Nomura

John Gapper

If you wait around long enough, you will observe another retreat by Nomura from trying to transform itself from a dominant retail stockbroker in Japan into a global investment bank.

The latest example comes after an insider trading scandal that led to the replacement of its senior executives. Nomura is already signalling clearly that it is turning its back on the latest expansion, which dates from 2008.

This time, Nomura tried to use the acquisition of the Asian and European operations of Lehman Brothers to march on to the global stage. However, it has not come to much more than its experiments with US commercial real estate securitisation in the 1990s and sub-prime mortgages in the 2000s. 

Andrew Hill

Corporate governance can be dull. But Nomura’s annual meeting on June 27 will be livened up no end if the Japanese bank’s chairman allows any discussion of shareholder proposal 12, “regarding overhaul of basic daily movements”. Here it is in full:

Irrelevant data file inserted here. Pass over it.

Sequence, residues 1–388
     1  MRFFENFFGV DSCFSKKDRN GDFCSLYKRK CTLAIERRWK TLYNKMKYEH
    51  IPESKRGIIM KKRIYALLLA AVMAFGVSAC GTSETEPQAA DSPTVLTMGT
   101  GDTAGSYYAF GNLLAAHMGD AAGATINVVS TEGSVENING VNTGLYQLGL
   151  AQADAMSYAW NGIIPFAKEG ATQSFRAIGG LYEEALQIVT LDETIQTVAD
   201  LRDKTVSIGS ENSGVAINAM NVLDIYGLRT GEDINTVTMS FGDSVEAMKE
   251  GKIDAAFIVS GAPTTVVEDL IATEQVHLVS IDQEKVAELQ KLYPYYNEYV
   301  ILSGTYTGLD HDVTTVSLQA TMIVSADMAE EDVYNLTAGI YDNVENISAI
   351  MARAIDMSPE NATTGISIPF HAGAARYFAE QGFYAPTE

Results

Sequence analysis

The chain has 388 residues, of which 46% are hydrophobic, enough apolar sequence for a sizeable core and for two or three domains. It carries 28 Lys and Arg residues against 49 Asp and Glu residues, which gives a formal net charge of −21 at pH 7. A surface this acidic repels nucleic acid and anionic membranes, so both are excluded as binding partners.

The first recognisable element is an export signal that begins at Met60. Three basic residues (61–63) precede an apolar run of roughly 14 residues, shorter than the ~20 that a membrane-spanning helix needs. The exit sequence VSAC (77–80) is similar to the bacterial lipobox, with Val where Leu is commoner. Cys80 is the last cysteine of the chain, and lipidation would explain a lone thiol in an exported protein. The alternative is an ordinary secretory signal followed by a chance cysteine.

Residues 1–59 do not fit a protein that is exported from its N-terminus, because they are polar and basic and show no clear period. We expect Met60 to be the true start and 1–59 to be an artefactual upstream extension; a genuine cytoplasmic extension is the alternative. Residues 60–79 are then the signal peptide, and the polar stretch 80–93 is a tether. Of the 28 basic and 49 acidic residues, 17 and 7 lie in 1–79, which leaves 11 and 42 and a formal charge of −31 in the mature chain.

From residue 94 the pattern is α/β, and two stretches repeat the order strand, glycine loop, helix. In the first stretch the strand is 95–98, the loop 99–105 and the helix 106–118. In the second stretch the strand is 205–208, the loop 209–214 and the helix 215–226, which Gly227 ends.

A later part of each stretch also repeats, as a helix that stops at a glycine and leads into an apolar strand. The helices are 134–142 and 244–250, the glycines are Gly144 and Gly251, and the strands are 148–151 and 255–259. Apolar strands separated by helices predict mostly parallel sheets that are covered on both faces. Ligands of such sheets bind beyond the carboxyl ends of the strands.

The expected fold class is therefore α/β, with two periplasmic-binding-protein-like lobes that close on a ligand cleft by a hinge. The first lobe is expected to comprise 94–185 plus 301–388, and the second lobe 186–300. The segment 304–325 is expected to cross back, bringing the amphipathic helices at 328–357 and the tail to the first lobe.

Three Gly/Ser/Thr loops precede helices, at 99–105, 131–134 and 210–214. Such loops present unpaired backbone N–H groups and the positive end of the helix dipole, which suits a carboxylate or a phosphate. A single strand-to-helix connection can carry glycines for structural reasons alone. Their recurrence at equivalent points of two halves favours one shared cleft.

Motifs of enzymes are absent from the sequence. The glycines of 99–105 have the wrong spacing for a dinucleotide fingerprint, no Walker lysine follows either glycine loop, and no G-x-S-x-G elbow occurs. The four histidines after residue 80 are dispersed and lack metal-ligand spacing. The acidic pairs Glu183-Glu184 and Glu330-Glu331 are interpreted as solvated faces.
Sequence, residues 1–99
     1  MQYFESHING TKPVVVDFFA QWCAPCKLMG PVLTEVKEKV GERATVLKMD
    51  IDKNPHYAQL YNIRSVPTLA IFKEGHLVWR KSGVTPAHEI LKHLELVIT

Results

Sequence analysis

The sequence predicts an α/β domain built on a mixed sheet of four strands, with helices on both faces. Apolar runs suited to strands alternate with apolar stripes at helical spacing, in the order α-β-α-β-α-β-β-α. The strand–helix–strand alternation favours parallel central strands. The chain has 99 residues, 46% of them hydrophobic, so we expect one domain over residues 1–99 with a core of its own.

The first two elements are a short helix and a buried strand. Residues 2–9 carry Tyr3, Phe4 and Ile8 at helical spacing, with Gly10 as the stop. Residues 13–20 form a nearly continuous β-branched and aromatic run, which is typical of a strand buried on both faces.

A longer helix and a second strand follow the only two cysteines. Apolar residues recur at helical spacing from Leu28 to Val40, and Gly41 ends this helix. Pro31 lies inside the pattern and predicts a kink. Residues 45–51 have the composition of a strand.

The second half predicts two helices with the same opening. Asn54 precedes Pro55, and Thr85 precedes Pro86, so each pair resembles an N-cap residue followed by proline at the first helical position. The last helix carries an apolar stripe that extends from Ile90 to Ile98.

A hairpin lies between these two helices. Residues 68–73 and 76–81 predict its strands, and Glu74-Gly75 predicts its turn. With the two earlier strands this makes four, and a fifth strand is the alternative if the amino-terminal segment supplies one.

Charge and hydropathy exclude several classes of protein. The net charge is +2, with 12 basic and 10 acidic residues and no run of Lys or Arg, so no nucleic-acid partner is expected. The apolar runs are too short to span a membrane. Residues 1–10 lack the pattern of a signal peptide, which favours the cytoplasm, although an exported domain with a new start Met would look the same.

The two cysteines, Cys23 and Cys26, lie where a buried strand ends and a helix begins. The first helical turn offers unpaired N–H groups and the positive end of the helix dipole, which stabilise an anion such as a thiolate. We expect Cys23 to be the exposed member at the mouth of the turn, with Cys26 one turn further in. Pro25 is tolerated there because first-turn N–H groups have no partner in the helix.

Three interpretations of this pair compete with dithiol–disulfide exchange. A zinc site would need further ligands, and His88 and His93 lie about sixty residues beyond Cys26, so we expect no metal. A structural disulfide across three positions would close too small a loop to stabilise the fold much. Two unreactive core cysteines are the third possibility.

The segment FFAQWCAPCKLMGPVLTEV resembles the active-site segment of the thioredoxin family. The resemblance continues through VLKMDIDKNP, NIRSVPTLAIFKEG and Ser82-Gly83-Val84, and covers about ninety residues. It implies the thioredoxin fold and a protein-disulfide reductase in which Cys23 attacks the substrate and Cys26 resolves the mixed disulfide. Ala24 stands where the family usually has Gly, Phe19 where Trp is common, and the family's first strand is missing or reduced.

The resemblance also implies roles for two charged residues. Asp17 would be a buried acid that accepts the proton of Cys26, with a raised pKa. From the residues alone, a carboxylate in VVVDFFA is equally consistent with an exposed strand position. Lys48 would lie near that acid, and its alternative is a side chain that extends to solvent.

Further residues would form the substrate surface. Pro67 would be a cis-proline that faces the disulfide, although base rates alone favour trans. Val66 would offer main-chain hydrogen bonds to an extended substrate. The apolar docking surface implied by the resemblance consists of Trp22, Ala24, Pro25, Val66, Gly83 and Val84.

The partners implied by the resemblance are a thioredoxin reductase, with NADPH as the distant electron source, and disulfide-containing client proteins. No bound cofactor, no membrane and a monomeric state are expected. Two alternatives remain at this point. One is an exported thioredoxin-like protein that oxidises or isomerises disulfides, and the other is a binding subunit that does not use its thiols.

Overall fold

Details of Proposal: It should be stipulated in the Articles of Incorporation that all toilets within the Company’s offices shall be Japanese-style toilets, thereby toughening the legs and loins and hunkering down on a daily basis, aiming at achieving 4-digit stock prices.

Reasons for Proposal: The Company is on the verge of bankruptcy. In other words, it is the time to hunker down. The Company cannot avoid bankruptcy if it merely adopts a spiritual approach such as encouraging sales persons to speak in a loud voice, but the Company can surely avoid failure if they straddle over a Japanese-style toilet every day and strengthen their lower body. If it cannot, it can only be accepted as a bad luck.